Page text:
Guyana is very rich in natural resources, but begging has become a major issue in Georgetown and other areas of the country. Indeed, something has gone terribly wrong in Guyana where in recent times there has been an upsurge in begging based on the large number of persons, including children, who are asking the public for money daily. This issue is so sensitive that no one wants to discuss it for fear of being seen as attacking instead of helping the poor.There is hardly a street in the city without beggars. They are everywhere.The public is likely to encounter them at shopping centers, supermarkets, fast-food restaurants, rum shops and night clubs or at the markets. It appears that begging has become the new growth industry in Guyana.
Begging has become a major social issue, a public nuisance, an obvious personal tragedy. It is a tragic situation for the unfortunate in society to be in. The previous administration was oblivious of it, now it is up to this government to get to the root of the problem and solve it before it becomes more of an irritant in society. It should be noted that the survival of the rich depends on the actions and behavior of the poor.
Once upon a time, there were a few street beggars mostly around Georgetown. For some of them, it was a profession of sorts, for others, it was for their survival. Then there are a few who reportedly earned more money from begging to deposit into a bank account than many hardworking persons in gainful employment.
In Guyana, begging has traditionally been a difficult decision for the average citizen, especially for women, even in cases where they had fallen on hard times. Pride was a major factor that prevented women from begging. They had preferred to suffer in silence and perhaps die of starvation before becoming a beggar. They would only ask close relatives and friends for help. The bonds of family and friendship were so strong back then that people felt it was their responsibility to assist those in their community who had unfortunately suffered setbacks. Today, times have changed, as people have become more individualistic and selfish and no longer believe in being their brothers’ or sisters’ keeper.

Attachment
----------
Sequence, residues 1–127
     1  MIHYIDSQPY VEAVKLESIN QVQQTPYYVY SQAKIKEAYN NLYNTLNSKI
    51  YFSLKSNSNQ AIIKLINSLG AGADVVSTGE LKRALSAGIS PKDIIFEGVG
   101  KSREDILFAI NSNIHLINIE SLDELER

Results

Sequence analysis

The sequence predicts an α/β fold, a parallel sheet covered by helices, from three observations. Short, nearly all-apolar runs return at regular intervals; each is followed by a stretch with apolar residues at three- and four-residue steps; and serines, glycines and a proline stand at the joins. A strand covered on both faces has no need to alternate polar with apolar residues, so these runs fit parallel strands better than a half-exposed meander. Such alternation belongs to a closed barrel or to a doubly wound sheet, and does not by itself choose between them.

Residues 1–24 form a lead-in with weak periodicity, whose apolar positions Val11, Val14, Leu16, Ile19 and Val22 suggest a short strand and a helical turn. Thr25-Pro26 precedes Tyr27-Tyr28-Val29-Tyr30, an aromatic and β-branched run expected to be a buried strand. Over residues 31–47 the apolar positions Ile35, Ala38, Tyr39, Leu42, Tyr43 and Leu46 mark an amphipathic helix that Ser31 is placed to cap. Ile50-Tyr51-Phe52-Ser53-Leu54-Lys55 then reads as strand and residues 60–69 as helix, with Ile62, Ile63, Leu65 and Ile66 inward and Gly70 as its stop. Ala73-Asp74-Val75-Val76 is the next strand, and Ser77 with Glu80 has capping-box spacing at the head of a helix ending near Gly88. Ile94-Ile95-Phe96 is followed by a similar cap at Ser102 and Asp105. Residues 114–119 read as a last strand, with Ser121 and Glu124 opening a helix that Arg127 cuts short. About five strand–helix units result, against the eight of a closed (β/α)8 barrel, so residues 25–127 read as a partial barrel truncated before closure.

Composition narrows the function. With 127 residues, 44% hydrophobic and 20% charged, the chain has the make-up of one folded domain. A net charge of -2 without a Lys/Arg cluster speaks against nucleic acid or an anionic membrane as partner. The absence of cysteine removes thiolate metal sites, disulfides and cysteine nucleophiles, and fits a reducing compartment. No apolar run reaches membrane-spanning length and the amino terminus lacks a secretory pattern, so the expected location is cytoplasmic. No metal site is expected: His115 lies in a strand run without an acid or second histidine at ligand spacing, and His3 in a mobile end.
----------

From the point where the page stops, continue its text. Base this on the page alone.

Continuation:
A number of beggars who are roaming the streets are young men. Most are without proper clothing and their appearance and behavior leave little doubt that they need money to satisfy their appetite for illegal drugs. Others have mental issues and would not seek treatment. But not only young men are beggars, quite a number of senior citizens on fixed income are also asking relatives,friends and even strangers for help, mainly to buy food or pay for other necessities. In these tough economic times, the government subsidies they were getting for utilities were slashed by the new government in return for G$3,875increase in their pensions which is some cases is less than the subsidies.
Generally, most beggars have always claimed to be hungry so as to get sympathy from the public and would be donors. But when they are offered a meal instead of money, they would become upset and abusive because their preference is for cash. The plight of some beggars is compounded by the fact that relatives and friends who previously may have assisted them, are also struggling to make ends meet, and are no longer able to help out as they did before. The government has to devise a strategy to help some beggars return to a productive life style. Agencies aligned with the Ministry of Social Protection are ideally suited to take the lead in this regard.
The government is obligated to put an end to widespread begging. Their plight must be addressed with a sense of urgency and compassion by the government to help return them to a normal life. Guyana would be better-off without beggars.
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